Derech Eretz - How to Respect our Fellow Human Beings

This post is dedicated in merit that Hershel ben Etya Sarah have a yeshuah.

Elisheva Maline

Literary classics and social media gave Jews a bad name, not least among them being Chaucer's ghetto Jews in "The Prioress's Tale," Shakespeare's Shylock, or Dicken's Fagin. None of these fictional characters serve as model examples for how to be polite dinner guests, of course. As far as reading the papers and watching the news, Samuel Clemens was known to say, "If you don't listen to the news you are uninformed and if you do listen to the news you are misinformed." Take other peoples' opinions with a hefty grain of salt.

Unfortunately, the larger world misses out on so much of the richness of detail that exists within the Jewish religion. Our six-hundred and thirteen mitzvot (commandments) -- and if that sounds overwhelming, it's only the tip of the iceberg -- spell out how to tap into the unexpressed potential which exists within each and every one of us, Jew and non-Jew. I'll explain one of Judaism's main principles in brevity. Our religious observance is twofold: we keep G-d's commandments by following, with equal intensity, the laws relevant to serving only G-d (bein adam lamakom) such as praying on time, keeping the Sabbath and keeping kashrut (Jewish dietary laws) etc. as well as the rules pertaining to man serving his fellow man (bein adam lechavero).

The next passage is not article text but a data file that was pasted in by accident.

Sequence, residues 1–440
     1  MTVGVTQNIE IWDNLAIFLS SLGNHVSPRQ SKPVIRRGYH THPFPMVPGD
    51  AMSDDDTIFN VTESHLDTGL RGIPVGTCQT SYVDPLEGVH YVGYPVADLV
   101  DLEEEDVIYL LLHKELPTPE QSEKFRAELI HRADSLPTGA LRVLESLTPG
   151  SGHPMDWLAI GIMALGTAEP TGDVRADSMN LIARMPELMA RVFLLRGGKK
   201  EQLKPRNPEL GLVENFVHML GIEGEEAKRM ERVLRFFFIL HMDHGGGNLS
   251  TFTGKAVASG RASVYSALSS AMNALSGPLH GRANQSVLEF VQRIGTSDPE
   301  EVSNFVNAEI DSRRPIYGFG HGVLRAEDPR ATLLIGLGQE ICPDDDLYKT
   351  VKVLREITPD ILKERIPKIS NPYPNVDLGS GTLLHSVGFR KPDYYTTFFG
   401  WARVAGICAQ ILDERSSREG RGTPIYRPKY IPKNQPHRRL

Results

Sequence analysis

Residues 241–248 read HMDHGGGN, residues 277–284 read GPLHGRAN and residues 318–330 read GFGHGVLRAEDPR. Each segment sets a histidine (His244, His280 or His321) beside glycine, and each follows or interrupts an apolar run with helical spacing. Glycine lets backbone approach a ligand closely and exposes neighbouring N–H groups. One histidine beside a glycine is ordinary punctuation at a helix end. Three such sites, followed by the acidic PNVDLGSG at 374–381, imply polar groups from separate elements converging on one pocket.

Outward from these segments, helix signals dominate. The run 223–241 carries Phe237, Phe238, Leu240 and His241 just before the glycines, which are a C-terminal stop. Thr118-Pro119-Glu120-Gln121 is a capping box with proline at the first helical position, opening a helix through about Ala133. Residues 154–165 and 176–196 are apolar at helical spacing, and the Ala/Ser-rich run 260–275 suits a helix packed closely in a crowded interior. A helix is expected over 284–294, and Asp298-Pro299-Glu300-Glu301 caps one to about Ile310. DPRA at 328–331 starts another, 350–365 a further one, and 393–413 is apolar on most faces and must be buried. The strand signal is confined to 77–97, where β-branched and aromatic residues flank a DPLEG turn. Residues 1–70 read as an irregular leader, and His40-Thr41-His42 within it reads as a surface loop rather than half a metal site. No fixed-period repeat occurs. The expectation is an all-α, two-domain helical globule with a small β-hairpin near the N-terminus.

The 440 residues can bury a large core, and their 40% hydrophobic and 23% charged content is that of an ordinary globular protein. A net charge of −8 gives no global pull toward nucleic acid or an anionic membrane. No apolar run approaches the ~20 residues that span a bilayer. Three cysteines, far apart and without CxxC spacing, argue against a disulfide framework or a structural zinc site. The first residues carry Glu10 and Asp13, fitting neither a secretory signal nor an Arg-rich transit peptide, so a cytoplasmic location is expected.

Regarding the laws of bein adam lechavero is where the tip of our knowledge takes to the deeper end of matters. We are not called the virtuous nation by those who have glimpsed our glory (Mark Twain, Charles Dickens) for nothing. Lawrence Kelemen, the author of Permission to Receive names a few of these numerous laws. There is a specific detailing of commandments about the prohibition of personal and property damage (Exodus 21:1,2), holding grudges (Leviticus 19:18), self righteousness (ibid.), not paying wages on time (Leviticus 19:13, Deuter. 24), and not conducting business using accurate weights and measures (Deuter. 25). These are not the focal issues, like robbing, adultery and murder, which cause a society to erode over time. However, as G-d explains through the Torah, the laws selected above are examples which show where the first hairlike fissures, which lead to a culture's destruction, stem from if people do not take care to respect one another.

The Torah orders us further, "Stand up before the elderly" (Leviticus 19:32) and even "Love the stranger (also known as the convert) as you would love yourself (Leviticus 19:34). Our sages of blessed memory Hillel and Rabbi Akiva have summed up all these laws succinctly, "Do not do to your fellow man what you would not like done to yourself" (Shabbas 31a) and "Love your neighbor as yourself" (Leviticus 19:18). Instead of accepting point blank any of the negative things the media has to say about the Jewish nation, get to know some of the Orthodox Jews in you local area. You might be pleasantly surprised to find out about the richness of the Jewish religion and what it has to offer.

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